Connect simple switches to eurorack synth

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burnboardburn
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Connect simple switches to eurorack synth

Post by burnboardburn » Wed Jun 10, 2020 3:55 pm

Hi,

I am about to use/connect an interface consisting of many (single throw) momentary switches. These are meant to be performed live in a fast erratic way, and I expect to get a very glitchy result. Essentially it will be like connecting and disconnecting a patch cable, but very fast, a tremolo sort of.

However, I want to make sure I do not harm the synthesizer. I figure it will not be a problem, but I would appreciate some advice.

I am pondering if I should use capacitors to smooth out the switching, but the less electronic components the better.

i am very thankful for help!

Cheers.

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Re: Connect simple switches to eurorack synth

Post by Grumble » Wed Jun 10, 2020 4:26 pm

Do you want to switch control voltages or audio signals?
I’m asking this because control voltages are relatively slow and you could use capacitors and resistors to remove most if not all of the glitches.
Audio signals (which are relatively fast compared to control voltages ánd are audible) is a whole different ballgame using switches like that.
Better to use cmos switches or the like. (I have some AD7510 switches which are obsolete now...j

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Re: Connect simple switches to eurorack synth

Post by EATyourGUITAR » Wed Jun 10, 2020 8:29 pm

My advice would be to use VCA's with big fat caps on the VCA CV inputs. You can build all of this stuff. That way the VCA CV slew and the button denounce is combined into a single capacitor. I don't know if you want all that switch noise in your signal path. Some people do. The problem is that you need a DJ crossfader or an arcade button or touch input or keyboard or something to get fast performance switching. MN teleplexer is made for tapping on cables but the module also is disposable and the patch cables get damaged over time.
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Re: Connect simple switches to eurorack synth

Post by burnboardburn » Thu Jun 11, 2020 8:04 am

Hi,

Thanks for the replies.

Here are the "switches" . In this picture they are chopping audio signals and battery powers. No electronics in between. Sounded great!
IMG_0225.JPG
IMG_0227.JPG
I will do the safety preparations, if needed, in the weekend on breadboard. On Monday I connect to the synthesizer. Unless I risk destroying it.

In case I would like to remove some glitches, how would I wire the capacitors and/or resistors for CV respectively audio?

Thanks a lot!
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Re: Connect simple switches to eurorack synth

Post by mskala » Thu Jun 11, 2020 8:59 am

It's unlikely to harm the synthesizer, but depending on what you're using the outputs for, if you don't debounce them they may produce effects you don't want. For instance, a switch used to generate a trigger signal into a sequencer or similar may register more than one trigger when it switches, because of bounce. An RC filter - basically just a resistor and capacitor - would be the easiest way to address bounce.

However, it sounds like you want to use these as switches per se - that is, to connect and disconnect signals, including audio signals. In that case I would not recommend adding capacitors to debounce them because the caps would eat your high frequencies; there's no meaningful difference between the high frequencies of the contacts bouncing and the high frequencies in your audio signals. Just go ahead and run your signals through the switches.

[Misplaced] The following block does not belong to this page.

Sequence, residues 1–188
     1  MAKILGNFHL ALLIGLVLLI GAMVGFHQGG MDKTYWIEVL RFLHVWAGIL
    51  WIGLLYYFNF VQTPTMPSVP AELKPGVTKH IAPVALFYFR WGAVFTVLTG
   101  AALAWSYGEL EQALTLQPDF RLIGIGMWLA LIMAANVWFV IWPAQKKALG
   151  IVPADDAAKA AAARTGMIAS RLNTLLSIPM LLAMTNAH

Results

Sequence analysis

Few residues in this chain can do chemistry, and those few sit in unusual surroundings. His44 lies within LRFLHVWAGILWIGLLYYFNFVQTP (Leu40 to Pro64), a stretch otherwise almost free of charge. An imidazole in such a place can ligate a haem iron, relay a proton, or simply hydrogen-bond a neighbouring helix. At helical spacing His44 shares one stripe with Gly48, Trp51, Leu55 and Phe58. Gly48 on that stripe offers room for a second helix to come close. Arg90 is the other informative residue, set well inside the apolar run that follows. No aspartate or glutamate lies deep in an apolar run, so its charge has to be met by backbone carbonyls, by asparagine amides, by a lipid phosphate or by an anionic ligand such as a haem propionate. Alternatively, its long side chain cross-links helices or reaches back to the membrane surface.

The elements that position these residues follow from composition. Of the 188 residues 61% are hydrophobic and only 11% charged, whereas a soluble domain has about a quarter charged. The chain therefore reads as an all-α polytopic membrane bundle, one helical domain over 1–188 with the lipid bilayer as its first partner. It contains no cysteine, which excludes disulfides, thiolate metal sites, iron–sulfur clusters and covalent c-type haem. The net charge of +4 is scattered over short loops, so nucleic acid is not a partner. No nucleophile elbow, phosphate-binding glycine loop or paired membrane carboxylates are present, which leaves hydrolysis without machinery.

You mention using these instead of patching and unpatching patch cables, and that's a clue to the safety issue for the synthesizer. If it's safe to plug and unplug a patch cable, then it should be safe for the electronics to switch the connection on and off with a mechanical switch.

Something else to be aware of is safety for the human user. From your photos it looks like the human user will be directly touching metal that's connected to the signal path. In that case it's even more important than usual that the system should be safe with respect to electric shock. We occasionally get postings here from people saying things like "I get a tingle of electricity in my fingers when I touch such-and-such metal part of my synth, is that a problem?"; that is a problem, caused by unsafe power connections, and it's something to watch out for in a setup where humans are meant to be directly touching metal that's connected to the circuit. Be sure your power system is safe.

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Re: Connect simple switches to eurorack synth

Post by EATyourGUITAR » Thu Jun 11, 2020 11:05 am

I did this in 2012. it has momentary, latching, inverse momentary.
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Re: Connect simple switches to eurorack synth

Post by ersatzplanet » Thu Jun 11, 2020 11:24 am

I'm selling off the last of my inventory of these, MG-1 manual gate pushbutton modules. Waiting for some parts to finish off the last bit. They use SPDT micro switches in a pinball machine mechanism.
MG-1-slant-sm.jpg
Contact bounce is a real problem with almost all mechanical switches. Cutting a signal off or turning it on in any place other than a zero crossing will make a snap or pop. I would suggest buying some cheap Vactros from a surplus site and run the signals through them. The Vactros are not fast so the edges will not make the pops that a switch by itself will do. Basically you would be making your own version of the DivKid Mutes module. IIRC he was going to release the circuit drawings at one time.
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Re: Connect simple switches to eurorack synth

Post by EATyourGUITAR » Thu Jun 11, 2020 11:59 am

why haap over sanway or seimitsu? personal preference?
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Re: Connect simple switches to eurorack synth